Presidential reputations oscillate for years after the moving trucks have pulled up to the White House. So it is with Barack Obama.
The Senate health-care vote — now postponed until after the July 4 recess — may determine whether the Affordable Care Act crowns Obama’s legislative record or whether it will be mourned as a presidential road not taken like Woodrow Wilson’s dreams for the League of Nations.
But any assessment of Obama’s presidential legacy now has to include his well-intentioned dithering in the face of Russian President Vladimir Putin’s deliberate effort to sabotage Hillary Clinton’s presidential campaign. As the Washington Post put it last week in its definite account of White House hand-wringing: “In political terms, Russian interference was the crime of the century, an unprecedented and largely successful destabilising attack on American democracy.”
Obama’s cautious response to ironclad evidence of Putin’s direct involvement was in keeping with the foreign policy approach that had governed his presidency: “Don’t do stupid ****.” That doctrine, expressed by Obama in private during a 2014 Asian trip, had mostly served him well during his first term. But long before Putin’s backstairs embrace of Donald Trump’s candidacy, Syria had illustrated the limitations of a president who always tiptoed through the tulips.
Trump’s recent tweets on the Russian front bizarrely argue that Obama single-handedly “colluded or obstructed, and it did the Dems and Crooked Hillary no good”. In truth, Senate Majority Leader Mitch McConnell (who should be listed in the dictionary as the antonym of “statesman”) deserves his share of the blame for governmental inaction.
As Greg Miller, Ellen Nakashima and Adam Entous reveal in the Post article, top Obama officials briefed the congressional leadership in secret in early September 2016 about Putin’s plotting. But any hope of a joint bipartisan response died when McConnell challenged the validity of the evidence, linking the hacking of the Democratic National Committee to the Kremlin.
In Obama’s defence, there were valid reasons for slow-walking an American response to Putin. The president was rightly concerned about provoking a Russian cyber-attack on voting machines on Election Day. And Obama and his top aides brooded over whether any public announcement would merely feed Trump’s bleats about a “rigged” election.
In hindsight, it was the wrong call.
Democracy requires openness and honesty in the belief that the voters can handle the truth. But Obama, confident in Clinton’s electoral prospects, instead chose stealth and indirection. A governmental statement in early October about Russia’s “active measures” did not even mention Putin by name. And within minutes, that hedged three-paragraph document was upstaged by the release of Trump’s “Access Hollywood” tape about the joys of grabbing women.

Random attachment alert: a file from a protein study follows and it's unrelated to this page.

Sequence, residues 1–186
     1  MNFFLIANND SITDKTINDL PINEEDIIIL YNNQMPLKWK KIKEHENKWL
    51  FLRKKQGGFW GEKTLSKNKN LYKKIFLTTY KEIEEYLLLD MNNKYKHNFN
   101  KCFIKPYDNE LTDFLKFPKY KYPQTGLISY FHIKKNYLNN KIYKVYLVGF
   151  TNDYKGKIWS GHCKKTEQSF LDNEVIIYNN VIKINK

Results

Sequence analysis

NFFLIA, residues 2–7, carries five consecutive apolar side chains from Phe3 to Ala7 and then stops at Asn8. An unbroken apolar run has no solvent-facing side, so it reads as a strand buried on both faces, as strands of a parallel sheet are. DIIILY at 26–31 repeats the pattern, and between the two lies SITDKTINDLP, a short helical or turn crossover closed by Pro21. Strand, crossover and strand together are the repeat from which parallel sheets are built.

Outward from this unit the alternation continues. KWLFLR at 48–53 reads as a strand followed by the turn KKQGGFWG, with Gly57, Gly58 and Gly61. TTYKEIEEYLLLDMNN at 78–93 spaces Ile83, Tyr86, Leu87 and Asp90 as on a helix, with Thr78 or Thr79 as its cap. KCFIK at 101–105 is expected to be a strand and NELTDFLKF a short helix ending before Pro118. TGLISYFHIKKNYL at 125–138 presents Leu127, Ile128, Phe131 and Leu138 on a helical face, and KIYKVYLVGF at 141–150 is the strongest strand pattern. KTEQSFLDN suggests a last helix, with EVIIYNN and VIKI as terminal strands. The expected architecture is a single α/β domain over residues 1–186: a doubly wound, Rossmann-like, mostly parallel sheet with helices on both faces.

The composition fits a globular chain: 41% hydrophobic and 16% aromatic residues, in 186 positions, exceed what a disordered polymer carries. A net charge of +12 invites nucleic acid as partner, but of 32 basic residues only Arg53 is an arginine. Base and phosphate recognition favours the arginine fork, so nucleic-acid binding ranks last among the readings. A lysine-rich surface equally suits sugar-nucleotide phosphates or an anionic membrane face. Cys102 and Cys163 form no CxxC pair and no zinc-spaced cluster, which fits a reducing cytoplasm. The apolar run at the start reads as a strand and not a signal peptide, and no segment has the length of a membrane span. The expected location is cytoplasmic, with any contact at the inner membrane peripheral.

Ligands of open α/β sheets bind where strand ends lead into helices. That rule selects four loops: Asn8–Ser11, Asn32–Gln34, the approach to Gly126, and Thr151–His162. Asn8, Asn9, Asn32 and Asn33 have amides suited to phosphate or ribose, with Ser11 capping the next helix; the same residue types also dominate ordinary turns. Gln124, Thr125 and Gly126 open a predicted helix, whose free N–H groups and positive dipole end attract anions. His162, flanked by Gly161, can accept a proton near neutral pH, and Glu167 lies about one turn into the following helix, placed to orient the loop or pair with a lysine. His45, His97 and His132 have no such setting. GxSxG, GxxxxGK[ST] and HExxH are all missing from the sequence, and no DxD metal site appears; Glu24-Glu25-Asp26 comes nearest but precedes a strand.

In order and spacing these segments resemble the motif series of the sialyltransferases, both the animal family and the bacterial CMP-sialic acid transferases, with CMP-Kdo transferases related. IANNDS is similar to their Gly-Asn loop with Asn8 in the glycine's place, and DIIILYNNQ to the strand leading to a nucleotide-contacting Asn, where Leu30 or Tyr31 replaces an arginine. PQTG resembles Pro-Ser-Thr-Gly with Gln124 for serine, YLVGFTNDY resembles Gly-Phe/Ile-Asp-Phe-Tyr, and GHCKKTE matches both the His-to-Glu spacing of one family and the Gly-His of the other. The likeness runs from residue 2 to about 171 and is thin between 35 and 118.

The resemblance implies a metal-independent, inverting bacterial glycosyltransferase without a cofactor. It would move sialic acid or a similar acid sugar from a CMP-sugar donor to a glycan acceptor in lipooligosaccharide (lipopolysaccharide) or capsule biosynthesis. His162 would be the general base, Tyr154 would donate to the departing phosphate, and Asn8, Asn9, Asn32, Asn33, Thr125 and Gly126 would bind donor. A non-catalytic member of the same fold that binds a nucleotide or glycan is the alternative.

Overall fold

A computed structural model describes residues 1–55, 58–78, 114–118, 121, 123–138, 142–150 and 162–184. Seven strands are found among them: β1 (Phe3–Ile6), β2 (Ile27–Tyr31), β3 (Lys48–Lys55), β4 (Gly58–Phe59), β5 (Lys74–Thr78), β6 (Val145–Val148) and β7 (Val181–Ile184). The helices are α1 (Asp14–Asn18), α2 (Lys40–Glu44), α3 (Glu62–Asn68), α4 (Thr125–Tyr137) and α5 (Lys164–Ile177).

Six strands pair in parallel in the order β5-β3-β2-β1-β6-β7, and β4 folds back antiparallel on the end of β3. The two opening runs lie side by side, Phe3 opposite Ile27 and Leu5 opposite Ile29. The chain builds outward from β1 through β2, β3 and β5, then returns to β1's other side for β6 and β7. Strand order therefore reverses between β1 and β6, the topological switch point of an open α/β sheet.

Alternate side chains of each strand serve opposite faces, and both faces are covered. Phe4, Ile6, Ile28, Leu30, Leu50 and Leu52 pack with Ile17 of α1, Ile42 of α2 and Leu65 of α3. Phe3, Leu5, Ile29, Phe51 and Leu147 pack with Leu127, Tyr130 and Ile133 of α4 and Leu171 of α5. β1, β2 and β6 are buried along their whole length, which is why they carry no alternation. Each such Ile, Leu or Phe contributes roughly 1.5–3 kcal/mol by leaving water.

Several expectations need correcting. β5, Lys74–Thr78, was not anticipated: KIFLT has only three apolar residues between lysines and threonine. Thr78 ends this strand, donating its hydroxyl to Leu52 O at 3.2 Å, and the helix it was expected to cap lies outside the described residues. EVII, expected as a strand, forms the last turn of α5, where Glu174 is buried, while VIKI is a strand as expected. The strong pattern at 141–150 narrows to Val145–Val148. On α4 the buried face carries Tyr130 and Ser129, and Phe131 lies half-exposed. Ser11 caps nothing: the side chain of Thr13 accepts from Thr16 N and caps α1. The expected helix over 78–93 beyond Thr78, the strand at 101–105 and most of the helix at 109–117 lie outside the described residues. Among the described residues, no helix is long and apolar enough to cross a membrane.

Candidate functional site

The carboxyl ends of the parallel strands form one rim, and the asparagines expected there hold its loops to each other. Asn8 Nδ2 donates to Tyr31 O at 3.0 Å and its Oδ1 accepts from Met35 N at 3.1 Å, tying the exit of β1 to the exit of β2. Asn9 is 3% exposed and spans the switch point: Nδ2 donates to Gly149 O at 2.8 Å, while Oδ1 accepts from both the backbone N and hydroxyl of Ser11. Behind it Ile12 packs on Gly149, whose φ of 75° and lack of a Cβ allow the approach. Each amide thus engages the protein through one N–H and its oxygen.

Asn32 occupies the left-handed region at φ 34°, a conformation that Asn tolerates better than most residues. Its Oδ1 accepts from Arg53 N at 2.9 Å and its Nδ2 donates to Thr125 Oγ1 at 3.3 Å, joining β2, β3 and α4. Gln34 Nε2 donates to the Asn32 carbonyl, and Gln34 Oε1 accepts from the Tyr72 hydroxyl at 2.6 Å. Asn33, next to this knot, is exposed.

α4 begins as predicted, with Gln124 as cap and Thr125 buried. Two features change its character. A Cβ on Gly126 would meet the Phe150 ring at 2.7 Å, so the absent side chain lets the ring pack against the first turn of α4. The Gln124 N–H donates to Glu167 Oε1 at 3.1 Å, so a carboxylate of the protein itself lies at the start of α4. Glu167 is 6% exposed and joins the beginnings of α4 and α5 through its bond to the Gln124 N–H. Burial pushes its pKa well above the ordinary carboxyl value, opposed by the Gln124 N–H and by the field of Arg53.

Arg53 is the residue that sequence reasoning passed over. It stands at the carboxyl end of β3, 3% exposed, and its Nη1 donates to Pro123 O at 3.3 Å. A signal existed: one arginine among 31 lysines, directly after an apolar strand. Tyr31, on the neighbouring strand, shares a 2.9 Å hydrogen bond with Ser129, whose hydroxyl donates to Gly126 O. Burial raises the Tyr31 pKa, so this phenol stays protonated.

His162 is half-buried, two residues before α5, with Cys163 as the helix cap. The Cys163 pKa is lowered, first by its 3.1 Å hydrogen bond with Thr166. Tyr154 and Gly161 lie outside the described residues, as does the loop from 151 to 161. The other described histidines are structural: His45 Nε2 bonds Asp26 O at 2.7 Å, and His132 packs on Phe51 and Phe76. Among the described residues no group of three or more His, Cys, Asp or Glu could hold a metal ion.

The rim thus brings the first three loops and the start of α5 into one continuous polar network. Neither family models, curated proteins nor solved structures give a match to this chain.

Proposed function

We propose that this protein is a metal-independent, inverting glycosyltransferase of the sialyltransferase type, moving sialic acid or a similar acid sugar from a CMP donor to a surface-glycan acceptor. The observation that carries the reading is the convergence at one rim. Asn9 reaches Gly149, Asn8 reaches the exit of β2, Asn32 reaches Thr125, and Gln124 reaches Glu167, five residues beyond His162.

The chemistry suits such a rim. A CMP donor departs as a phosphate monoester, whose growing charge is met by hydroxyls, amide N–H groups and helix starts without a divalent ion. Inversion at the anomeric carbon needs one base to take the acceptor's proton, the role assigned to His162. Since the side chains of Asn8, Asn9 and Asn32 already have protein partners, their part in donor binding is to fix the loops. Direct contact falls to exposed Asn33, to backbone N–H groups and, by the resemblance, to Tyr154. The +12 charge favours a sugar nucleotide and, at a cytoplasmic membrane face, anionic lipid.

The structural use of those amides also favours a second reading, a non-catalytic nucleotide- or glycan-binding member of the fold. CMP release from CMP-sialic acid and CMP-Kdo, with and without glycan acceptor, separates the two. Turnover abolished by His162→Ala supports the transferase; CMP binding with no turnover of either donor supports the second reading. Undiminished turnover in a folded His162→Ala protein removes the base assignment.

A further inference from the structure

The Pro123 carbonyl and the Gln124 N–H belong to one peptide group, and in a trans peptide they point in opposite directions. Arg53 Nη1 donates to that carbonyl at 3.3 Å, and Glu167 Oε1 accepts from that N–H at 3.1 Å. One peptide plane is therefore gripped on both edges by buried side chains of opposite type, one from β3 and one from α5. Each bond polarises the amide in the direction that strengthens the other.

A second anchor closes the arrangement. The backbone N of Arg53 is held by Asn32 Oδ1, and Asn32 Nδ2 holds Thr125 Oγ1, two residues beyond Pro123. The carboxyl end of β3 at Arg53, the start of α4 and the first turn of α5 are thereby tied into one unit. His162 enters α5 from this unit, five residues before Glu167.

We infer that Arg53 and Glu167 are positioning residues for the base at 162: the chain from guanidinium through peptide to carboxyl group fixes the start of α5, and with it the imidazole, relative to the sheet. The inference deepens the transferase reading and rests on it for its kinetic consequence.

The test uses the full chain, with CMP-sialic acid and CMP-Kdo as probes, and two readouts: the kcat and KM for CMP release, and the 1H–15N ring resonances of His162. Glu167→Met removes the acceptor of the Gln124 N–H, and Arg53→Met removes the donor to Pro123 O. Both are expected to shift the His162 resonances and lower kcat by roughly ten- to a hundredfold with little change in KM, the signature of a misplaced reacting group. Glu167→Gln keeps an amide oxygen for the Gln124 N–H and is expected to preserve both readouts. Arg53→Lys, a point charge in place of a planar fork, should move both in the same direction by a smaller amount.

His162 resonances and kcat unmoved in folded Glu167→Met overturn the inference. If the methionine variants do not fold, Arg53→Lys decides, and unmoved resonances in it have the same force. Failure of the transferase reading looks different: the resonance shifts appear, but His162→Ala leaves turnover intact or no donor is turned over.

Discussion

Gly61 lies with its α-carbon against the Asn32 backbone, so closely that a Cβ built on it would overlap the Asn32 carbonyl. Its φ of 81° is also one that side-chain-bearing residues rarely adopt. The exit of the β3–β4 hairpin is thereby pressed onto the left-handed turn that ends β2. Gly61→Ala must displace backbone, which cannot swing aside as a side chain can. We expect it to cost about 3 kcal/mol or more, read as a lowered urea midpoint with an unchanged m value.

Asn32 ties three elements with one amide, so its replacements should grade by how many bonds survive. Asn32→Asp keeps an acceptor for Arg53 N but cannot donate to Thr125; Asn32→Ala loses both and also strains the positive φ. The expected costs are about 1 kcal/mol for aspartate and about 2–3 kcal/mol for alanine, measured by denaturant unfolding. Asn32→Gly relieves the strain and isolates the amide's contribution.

A presidential race decided by 78,000 votes in three states was awash with might-have-beens. In all likelihood, Clinton would be president right now if Obama had gone public in September or October with what he knew about Putin’s efforts to pilfer the election. But even if such presidential truth-telling had boomeranged politically, it would have set a name-and-shame precedent about how the United States responds to all foreign efforts to tamper with an election.
The closest parallel to Obama’s pre-election agony was the choice that Lyndon Johnson faced at a similar juncture in the fall of 1968. Johnson learned that Richard Nixon was working with Anna Chennault to convince the South Vietnamese government to scuttle peace talks with Hanoi. In his new Nixon biography, John A. Farrell found smoking-gun memos detailing how the Republican presidential nominee successfully tried to “monkey wrench” any Vietnam breakthrough before the election.
Johnson’s volcanic Texas personality had little in common with Obama’s wilfully calm self-restraint. But even though LBJ at the time likened Nixon’s actions to “treason”, he too ultimately kept his silence before the election, in part, because he could not conclusively prove his case.
What unites Johnson and Obama through the mists of time was their mutual shock that such tactics would ever be employed in a presidential election — either by a sinister figure in American politics or a foreign leader steeped in KGB espionage.
Now that America has lost its collective innocence, any president, beginning with Trump, who fails to respond to Russian provocations deserves to be excoriated by both parties.
— Guardian News & Media Ltd
Walter Shapiro is a columnist for Roll Call, a lecturer in Political Science at Yale and a fellow at the Brennan Centre for Justice.